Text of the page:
Asach

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Asach arabice sed melius axach est amoniacum.


Apparatus:

Asach AC p | Ascac ej | Ascach B | Aschahe f
axach | asac p
{amoniacum} ms. p. adds an attempt to write ﺍﺷﻖ /ašaq/ in Arabic script


Translation:

Asach is Arabic, but it is better spelt axach, in Latin it is amoniacum {"gum ammoniac"}.


Commentary:

Asach:
The word Simon is trying to transcribe is ﺍﺷﻖ /aš(š)aq/, containing the sound /š/. Since this sound did not exist in Latin the Latin alphabet offers no method for writing this sound, and in Romance and foreign words containing this sound it is often ambiguously represented by the letter "s", cf. witnesses AC p and Stephanus's Latinised Asacum. Simon, who is fully aware of the occurrence of /š/ in this Arabic word, applies - according to some witnesses - the "Italian" convention using "sc" at the first occurrence of this word but then suggests the 'better' i.e. more precise "Iberian" spelling using "x" for /š/. This latter convention is still alive to this day in the Catalan, Galego and Portuguese orthographies. See also the appropriate section in the Commentary in X littera.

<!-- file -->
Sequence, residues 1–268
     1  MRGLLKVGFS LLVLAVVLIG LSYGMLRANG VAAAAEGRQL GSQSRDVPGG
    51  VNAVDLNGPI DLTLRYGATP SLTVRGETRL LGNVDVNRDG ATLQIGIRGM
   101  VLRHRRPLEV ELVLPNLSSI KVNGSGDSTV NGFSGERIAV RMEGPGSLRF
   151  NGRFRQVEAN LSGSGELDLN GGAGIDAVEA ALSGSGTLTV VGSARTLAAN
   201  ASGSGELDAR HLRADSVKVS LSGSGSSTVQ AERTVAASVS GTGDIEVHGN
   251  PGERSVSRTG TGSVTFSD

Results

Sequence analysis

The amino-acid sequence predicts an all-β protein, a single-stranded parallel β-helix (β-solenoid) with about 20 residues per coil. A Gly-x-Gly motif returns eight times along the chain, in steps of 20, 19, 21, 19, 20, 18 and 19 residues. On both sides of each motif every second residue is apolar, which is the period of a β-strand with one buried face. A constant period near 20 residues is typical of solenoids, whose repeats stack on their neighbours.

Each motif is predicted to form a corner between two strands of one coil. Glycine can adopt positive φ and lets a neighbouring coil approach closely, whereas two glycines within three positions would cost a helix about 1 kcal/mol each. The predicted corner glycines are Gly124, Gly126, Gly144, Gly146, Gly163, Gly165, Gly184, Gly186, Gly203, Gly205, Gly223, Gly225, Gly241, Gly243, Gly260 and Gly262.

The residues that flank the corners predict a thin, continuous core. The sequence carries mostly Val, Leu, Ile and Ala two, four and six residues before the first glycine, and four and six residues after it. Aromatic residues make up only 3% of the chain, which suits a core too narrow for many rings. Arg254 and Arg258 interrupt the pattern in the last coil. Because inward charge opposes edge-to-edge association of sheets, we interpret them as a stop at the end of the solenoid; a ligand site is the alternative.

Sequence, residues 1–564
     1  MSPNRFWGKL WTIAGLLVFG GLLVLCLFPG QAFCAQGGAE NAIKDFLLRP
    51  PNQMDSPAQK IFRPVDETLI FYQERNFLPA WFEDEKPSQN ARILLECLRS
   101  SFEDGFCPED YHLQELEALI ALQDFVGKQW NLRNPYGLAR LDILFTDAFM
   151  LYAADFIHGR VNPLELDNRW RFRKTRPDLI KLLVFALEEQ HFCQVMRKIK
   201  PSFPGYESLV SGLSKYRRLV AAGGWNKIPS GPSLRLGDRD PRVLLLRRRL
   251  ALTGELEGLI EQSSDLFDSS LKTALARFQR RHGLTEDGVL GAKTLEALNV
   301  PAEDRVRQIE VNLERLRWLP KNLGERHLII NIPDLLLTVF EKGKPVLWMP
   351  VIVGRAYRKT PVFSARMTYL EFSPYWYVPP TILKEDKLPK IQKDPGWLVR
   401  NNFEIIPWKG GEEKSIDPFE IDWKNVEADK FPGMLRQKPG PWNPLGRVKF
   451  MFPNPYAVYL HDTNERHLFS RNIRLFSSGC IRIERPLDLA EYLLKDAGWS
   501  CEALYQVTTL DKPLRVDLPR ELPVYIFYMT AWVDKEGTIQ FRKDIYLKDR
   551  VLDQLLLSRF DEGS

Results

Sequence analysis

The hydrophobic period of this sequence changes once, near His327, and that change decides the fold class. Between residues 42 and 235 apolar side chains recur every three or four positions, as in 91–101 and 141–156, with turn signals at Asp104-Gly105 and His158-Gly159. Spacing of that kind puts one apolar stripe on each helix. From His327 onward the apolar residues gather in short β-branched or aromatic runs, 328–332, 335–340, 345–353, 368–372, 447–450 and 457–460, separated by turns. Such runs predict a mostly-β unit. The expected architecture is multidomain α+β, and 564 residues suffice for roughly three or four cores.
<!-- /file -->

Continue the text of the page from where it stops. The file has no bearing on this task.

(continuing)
This Arabic lemma occurs in three variant forms: √wš(š)q and √ʔ(š)šq, occasionally √ʔ(š)šğ, with fuʕal and faʕal vocalisations,
cf. Siggel (1950: 14): ﺍﺷﻖ /uššaq/, ﻭﺷﻖ /wuššaq/ Ammongummi von Dorema ammoniacum (Umb.) {i.e. "gum ammoniac from D. ammoniacum"}.

Forms closer to Simon's vocalisation, also to the Asacum of Stephanus, are attested in

  • Asín Palacios (1943: 136), "263: GOTTA – cañaheja {"giant fennel"}, goma-resina {"gum ammoniac"}

ﻏﺘﺔ ﻫﻮ ﻻﺷﻖ /ġtah huwa al-ašaq/ - "Gotta is {the Romance word for what is in Arabic} /al-ašaq/ {'gum ammoniac'}".

  • Also e.g. in the Liber fundamentorum pharmacologiae 2, Pars I, p.35: ﺍﺷﻖ eschak {= /ašaq/, IPA [æʃaq]} Gummi ammoniacum [[1]]
  • The faʕʕal vocalisation is also found in Biberstein-Kazimirski (1846: 35): ﺍﺷﻖ /aššaq/ "Ammoniac" [[2]].

The word is a loan from Middle-Persian ﺍﺷﻪ /ušah/ "gum ammoniac" which has developed a great number of variant forms in Arabic.

For further information, see [[3]].


WilfGunther (talk) 12:04, 19 October 2015 (BST)


See also: Amoniacum (2), Asacum


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